During the 90’s the book, The 7 Habits of Highly Effective People by Stephen Covey, became a big hit, because the habits worked. They worked so successfully that Covery applied them to improving our relationships and our personal lives. This article summarizes the steps to improving your relationship using The Seven Habits of Highly Effective Marriage.
Habit 1. Be Proactive
Take responsibility for your actions. Take ownership for your part in any conflict; don’t blame others (like your partner) when you make a mistake; own it! Rather than automatically reacting to your partner, take a breath, calm down, and choose how to respond. Check your feelings and explore the internal trigger that your spouse touched. Decide what response will help the situation with your spouse. That leads to the second step…
Begin with the End in Mind
Like taking a vacation, know your destination before you get on the road. Before you begin a conversation with your partner, think about your goal for the conversation. Before you respond to your partner, ask yourself what positive goal you want to achieve. I once counseled a couple about the best way to handle their problem child. After hearing them both explain their side and before having them speak to each other using health communication, I reminded them of this step: they both wanted to support their child.
Put First Things First
Key to improving your relationship is identifying its importance in your life. Your spouse will be with you much longer than your children. Put your marriage and your family first. Everything else, including work, is negotiable.
Do not approach conflict with your partner thinking that someone must win and someone must lose. Work to find a solution where everyone feels respected, heard, and valued. The best way to do that is to practice the next habit.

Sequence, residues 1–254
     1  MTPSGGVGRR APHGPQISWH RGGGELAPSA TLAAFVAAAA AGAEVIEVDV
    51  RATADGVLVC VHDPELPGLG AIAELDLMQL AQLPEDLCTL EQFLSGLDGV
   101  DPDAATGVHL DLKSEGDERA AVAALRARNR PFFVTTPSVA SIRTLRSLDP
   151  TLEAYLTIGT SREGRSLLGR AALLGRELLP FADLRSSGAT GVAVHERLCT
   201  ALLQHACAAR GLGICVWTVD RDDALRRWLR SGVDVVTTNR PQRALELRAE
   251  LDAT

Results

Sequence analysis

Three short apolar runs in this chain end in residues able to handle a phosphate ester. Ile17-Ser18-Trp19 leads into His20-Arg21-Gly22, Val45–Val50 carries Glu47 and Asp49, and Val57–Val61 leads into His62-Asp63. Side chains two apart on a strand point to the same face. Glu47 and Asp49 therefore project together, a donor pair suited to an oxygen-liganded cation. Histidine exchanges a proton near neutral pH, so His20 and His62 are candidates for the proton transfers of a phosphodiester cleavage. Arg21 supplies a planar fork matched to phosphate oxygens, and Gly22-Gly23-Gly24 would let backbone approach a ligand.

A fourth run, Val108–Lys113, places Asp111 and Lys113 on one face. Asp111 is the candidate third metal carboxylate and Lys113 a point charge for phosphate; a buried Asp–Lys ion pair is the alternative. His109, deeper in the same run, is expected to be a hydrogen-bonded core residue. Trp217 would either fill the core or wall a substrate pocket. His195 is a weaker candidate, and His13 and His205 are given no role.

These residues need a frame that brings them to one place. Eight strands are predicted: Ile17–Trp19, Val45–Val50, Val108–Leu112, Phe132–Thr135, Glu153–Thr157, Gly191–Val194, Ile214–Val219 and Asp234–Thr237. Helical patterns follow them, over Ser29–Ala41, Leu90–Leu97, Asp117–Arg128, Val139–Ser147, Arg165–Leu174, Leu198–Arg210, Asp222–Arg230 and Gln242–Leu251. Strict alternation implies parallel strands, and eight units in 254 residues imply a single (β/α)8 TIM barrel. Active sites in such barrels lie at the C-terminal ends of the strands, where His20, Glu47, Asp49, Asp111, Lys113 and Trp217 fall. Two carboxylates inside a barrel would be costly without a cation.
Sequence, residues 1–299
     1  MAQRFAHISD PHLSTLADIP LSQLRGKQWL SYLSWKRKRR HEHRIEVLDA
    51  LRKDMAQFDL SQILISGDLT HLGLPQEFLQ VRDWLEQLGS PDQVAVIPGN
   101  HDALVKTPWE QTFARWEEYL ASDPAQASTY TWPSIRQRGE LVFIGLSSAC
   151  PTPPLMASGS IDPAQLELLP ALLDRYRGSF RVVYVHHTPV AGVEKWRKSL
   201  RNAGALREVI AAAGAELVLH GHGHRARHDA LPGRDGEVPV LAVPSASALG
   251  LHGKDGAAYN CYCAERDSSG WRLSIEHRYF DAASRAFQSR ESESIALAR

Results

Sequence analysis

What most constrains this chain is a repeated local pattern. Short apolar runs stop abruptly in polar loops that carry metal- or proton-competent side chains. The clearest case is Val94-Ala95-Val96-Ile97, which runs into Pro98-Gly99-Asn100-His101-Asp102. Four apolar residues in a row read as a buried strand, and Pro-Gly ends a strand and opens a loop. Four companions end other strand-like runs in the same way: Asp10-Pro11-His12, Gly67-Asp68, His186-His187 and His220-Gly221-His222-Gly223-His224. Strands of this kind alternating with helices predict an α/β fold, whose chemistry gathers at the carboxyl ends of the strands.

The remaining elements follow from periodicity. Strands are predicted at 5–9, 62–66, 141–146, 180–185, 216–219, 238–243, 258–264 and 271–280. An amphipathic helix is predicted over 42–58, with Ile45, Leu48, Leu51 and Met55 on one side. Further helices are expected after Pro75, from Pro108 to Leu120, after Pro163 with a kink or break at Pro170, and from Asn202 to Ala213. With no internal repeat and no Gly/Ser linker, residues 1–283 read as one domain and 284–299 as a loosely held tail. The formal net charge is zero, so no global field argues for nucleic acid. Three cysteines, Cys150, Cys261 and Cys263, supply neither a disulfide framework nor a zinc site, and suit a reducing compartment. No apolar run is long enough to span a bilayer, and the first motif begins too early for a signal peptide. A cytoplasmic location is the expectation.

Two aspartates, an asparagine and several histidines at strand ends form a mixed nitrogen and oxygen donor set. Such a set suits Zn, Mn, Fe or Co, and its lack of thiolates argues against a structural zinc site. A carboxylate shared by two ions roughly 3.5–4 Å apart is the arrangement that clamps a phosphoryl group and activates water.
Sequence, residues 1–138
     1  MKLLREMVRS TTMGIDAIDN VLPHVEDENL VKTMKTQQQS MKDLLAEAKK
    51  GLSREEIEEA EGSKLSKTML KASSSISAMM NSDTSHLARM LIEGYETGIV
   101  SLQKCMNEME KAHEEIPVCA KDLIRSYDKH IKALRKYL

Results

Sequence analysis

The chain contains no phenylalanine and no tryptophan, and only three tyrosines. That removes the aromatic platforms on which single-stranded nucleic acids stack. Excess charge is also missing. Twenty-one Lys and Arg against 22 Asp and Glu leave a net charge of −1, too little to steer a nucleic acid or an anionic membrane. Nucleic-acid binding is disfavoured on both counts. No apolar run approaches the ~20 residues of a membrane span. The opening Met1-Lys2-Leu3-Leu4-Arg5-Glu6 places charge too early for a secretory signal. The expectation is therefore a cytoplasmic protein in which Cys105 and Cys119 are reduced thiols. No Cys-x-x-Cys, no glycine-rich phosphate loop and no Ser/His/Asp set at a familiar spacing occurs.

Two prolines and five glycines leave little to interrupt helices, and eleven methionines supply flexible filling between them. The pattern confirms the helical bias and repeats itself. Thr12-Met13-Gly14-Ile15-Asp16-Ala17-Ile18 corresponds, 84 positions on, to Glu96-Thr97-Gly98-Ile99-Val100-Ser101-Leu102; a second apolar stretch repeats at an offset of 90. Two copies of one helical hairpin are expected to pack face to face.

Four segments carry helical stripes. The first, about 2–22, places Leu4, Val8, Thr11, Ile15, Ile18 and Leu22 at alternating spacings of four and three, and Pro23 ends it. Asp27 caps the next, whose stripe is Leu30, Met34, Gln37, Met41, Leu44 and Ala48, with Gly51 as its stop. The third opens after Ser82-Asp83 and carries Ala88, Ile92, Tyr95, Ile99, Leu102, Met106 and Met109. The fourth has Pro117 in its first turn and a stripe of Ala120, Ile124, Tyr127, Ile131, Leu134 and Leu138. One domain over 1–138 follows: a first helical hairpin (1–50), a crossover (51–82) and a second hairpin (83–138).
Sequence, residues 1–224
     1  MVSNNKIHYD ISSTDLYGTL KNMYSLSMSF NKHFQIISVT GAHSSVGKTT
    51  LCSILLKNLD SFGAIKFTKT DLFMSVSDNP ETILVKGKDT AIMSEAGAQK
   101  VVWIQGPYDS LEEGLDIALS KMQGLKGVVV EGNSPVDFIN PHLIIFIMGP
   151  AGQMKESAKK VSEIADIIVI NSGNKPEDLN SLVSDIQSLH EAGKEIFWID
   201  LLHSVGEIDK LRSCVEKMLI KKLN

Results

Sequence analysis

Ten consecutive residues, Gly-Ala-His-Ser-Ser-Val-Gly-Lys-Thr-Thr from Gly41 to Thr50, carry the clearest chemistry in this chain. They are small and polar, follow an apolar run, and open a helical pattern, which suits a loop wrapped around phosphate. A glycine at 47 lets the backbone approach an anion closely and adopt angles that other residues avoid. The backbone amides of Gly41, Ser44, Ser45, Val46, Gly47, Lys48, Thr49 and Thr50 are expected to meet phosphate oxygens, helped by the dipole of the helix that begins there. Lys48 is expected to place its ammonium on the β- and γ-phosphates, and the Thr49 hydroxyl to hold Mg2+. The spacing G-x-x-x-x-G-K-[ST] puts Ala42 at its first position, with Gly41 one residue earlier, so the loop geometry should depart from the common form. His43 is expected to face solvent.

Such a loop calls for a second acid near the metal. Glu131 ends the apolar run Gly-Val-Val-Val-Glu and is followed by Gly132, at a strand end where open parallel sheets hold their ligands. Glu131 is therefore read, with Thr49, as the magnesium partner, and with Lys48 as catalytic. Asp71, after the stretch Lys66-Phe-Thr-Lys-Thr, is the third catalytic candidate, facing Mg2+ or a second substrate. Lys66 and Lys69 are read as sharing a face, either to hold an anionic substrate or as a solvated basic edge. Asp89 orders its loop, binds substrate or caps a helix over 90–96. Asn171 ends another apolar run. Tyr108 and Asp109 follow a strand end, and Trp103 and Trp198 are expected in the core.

Seek First to Understand…Then to Be Understood
Probably the most important skill in improving your relationship is to learn to use active listening skills:
- Listen without interrupting.
- Paraphrase what your partner said, with words like, “If I understand you correctly,…” or “In other words,…” to let your partner know you were paying attention and to get verification that you did not misinterpret their words.
- Pause to think about their position, assume it is valid to them even if you disagree. Try to imagine why they see the situation the way they do; imagine yourself in the same position. Ask yourself, “If this was true for me, how would I feel?”
- Offer Empathy. Say something like, “If I believed…, I would feel…” Do not tell your partner how they feel but how you might if you were in their situation.
For example, with the parents I worked with previously, when the husband listened to his wife’s concerns, he said, “I hear that you believe that Joey (not his real name) does not value the (very expensive) gift we gave him (that is now broken) and that he doesn’t understand value of things we give him. If I believed that, I would be worried that he would become selfish and entitled. Is that how you feel?”
Work together. If you practice the previous habit, this habit becomes a no-brainer. I believe that if a couple can really understand each other and work so both feel satisfied and validated, you almost always will find a solution you can both live with. Also, work together to achieve your goals for your family and yourselves as a couple. Support each other in your personal goals.
Sharpen the Saw
According to Covey, “We must never become too busy sawing to take time to sharpen the saw.” Make time for self-care and the care of your relationship. Find fun, nurturing activities to share with your partner. Have regular date nights. Have “state of the relationship” conversations regularly. Allow each other time alone. Eat well, exercise, rest, and recreate.
If you would like help to use these steps to improve your relationship, please contact our office. We have excellent therapists who use sound and effective marriage counseling practices and we would love to help you.